media music

YouTube vs Labels: do artists get the money they deserve?

Written by Cameron Ridgway

Over the past decade, one of the most prevalent changes within the music industry, alongside the growth of streaming services such as Spotify, has been the growth of YouTube’s popularity as a service for watching and listening to music.

This use of YouTube has become so popular that the UK’s Official Charts Company recently announced that it would count YouTube views (alongside those from other video streaming services) in the UK singles chart for the first time. These changes will be included for the first time in the chart announced this Sunday.

However, while YouTube can do wonders for an artists reach and popularity, concern is rising among musicians and popstars that they are not being paid the royalties they deserve by the Google-owned video streaming site.

A fair deal?

For many years, some key figures within the music industry have been accusing YouTube of taking advantage of the legal grey areas that surround viewing music videos online to get away with paying minimal amounts to both artists and labels. YouTube, on the other hand, insists that it is benefiting artists and labels with money that they may not otherwise receive by monetising “light” users that would never consider paying for a subscription music streaming service.

This dispute has intensified in recent months, as the argument by artists and labels that YouTube exploits the “value gap” between what it gets from advertising and its recently launched music streaming service and the amount it pays labels won out in a vote by the European Parliament’s Legal Affairs Committee ahead of the introduction of new copyright laws. The result of the vote, held on Wednesday 20 June, means that laws which will force platforms such as YouTube to seek licences for music videos could soon be enacted.

The decision is not yet definite, though. The video sharing site has continued to oppose the Legal Affairs Committee’s decision, and YouTube and its supporters gained the agreement of 76 MEPs to challenge the committee decision and force a full vote by all 751 members of the European Parliament. On 5 July, MEPs voted to reject the proposed copyright laws in their original form, meaning that the laws will be reviewed and return to the Parliament in September.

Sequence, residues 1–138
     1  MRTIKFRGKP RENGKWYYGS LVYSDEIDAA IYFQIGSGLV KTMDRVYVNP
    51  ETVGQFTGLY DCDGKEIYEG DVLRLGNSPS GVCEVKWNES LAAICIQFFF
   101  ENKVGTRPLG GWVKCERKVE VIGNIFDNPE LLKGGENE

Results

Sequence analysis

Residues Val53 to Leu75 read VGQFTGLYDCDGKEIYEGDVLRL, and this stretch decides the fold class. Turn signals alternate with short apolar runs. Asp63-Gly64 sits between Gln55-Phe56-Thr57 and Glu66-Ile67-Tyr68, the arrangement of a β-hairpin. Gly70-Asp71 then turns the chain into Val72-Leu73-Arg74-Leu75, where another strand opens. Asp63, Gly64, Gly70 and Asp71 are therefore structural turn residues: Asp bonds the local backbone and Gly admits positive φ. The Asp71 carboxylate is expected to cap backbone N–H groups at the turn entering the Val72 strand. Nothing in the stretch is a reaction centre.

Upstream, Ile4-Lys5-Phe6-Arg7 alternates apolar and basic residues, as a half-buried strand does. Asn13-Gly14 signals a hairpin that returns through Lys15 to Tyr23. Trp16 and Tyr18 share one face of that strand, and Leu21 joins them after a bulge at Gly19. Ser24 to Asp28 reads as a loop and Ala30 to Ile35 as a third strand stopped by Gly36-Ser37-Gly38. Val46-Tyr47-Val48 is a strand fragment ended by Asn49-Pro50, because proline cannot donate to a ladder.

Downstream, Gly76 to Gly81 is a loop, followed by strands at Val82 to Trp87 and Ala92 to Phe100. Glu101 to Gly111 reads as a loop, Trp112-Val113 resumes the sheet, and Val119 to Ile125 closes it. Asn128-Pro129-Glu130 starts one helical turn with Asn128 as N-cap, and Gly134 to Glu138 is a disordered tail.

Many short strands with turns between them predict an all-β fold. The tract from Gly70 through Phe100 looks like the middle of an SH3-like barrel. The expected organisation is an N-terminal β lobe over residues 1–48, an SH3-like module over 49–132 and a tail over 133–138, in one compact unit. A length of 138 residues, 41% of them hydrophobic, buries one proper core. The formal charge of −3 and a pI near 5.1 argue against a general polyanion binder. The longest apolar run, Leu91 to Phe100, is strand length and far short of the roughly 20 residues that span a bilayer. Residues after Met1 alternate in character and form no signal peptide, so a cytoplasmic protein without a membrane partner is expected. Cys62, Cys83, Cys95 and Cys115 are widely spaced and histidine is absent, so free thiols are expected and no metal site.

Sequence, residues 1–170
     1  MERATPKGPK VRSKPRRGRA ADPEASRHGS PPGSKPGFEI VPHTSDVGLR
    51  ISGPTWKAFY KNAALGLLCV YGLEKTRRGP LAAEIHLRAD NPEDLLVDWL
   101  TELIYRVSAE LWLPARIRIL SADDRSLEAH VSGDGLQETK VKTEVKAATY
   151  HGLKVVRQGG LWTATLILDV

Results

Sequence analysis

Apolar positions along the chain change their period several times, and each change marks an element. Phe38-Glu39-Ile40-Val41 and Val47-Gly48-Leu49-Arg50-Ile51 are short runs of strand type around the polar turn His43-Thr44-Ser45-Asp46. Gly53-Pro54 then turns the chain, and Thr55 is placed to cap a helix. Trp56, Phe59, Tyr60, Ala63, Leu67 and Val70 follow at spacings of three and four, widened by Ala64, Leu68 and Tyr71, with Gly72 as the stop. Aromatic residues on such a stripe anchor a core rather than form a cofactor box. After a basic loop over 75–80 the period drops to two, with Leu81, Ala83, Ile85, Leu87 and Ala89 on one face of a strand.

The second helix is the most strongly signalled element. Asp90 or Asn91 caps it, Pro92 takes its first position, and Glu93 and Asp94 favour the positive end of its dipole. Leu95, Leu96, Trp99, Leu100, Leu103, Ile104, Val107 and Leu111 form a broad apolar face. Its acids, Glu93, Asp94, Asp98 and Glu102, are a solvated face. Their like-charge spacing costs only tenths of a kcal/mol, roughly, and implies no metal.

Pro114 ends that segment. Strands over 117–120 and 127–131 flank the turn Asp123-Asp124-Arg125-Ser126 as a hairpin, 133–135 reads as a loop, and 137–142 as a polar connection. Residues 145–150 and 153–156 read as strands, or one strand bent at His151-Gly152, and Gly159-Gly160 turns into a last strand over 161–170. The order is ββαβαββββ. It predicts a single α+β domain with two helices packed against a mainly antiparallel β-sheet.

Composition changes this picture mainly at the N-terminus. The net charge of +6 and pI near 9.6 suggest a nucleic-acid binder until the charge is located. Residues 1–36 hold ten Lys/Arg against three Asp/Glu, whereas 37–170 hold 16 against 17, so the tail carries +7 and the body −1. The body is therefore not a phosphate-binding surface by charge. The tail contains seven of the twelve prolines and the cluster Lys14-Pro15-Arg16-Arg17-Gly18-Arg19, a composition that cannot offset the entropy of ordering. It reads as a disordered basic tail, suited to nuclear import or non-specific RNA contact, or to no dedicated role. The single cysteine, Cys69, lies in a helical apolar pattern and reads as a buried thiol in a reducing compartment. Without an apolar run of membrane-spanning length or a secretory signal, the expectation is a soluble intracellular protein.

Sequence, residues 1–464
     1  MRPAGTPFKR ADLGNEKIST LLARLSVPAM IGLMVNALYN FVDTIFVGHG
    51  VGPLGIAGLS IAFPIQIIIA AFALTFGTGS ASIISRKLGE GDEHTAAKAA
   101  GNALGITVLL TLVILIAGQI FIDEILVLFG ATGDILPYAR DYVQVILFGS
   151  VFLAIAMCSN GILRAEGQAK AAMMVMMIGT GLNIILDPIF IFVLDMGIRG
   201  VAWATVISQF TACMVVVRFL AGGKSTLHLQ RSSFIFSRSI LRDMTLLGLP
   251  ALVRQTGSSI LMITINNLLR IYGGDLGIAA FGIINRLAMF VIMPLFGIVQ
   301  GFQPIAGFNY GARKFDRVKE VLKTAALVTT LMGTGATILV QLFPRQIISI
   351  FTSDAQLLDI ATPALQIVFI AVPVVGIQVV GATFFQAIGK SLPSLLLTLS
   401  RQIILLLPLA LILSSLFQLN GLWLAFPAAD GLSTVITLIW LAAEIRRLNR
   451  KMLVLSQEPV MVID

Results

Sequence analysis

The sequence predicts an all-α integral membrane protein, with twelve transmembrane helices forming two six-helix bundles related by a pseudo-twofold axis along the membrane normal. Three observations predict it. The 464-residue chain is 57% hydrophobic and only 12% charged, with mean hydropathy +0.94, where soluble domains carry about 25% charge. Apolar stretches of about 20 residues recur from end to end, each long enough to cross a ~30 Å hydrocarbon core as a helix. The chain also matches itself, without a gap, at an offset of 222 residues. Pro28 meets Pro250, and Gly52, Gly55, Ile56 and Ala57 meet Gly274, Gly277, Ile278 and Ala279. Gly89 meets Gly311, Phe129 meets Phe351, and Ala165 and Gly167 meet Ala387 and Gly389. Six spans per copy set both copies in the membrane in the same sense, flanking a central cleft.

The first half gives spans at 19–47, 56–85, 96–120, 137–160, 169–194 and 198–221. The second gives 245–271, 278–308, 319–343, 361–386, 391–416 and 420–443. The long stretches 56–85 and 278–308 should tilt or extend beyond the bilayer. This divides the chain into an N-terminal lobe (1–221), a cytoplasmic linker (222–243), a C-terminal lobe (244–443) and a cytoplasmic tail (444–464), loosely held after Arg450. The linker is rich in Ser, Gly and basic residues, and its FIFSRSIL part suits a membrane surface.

This dispute is also not the first time that there has been conflict between YouTube and major record labels. In 2016, when many of the video sharing site’s deals with major record labels expired and came up for renegotiation, each of the ‘big three’ record labels (Sony, Warner, and Universal – which controlled around 88.5 per cent of the market between them in 2012 according to a report by Nielsen Soundscan), were all reported to be attempting to “radically shift” the terms of their deals with the Google-owned site.

A short-term agreement

In 2017, Universal, Sony and Warner all signed new deals with the streaming sites – which offered a number of concessions to the labels including setting royalty rates between YouTube and artists for both professionally filmed music videos and user uploaded clips and allowing Universal to restrict what content could appear on free, ad-supported channels. This proved to only be a temporary fix, as Warner’s agreement (signed in May 2017) was reported to be shorter than was normal to “allow for flexibility in the future”.

A YouTube blog post published by it’s Chief Business Officer, Robert Kyncl, in December 2016 revealed that YouTube paid out “over $1billion” to the labels from advertising alone in the previous 12 months, but income from YouTube was estimated to only be four per cent of overall music industry revenues, in spite of the fact it accounts for around 40 per cent of total music consumption.

As a comparison, artists earned more than double the royalties paid to them by YouTube on the sale of 4.1 million vinyl records last year. Even Spotify, which has in the past been criticised by artists such as Taylor Swift (who in 2014 pulled all her music from the streaming service in protest at the low royalties the Swedish company paid), paid around £2bn to record labels and rights holders in 2015, despite YouTube being around eight times its size.

If anything, the debate over royalties only looks set to intensify further as YouTube’s share of music consumption increases.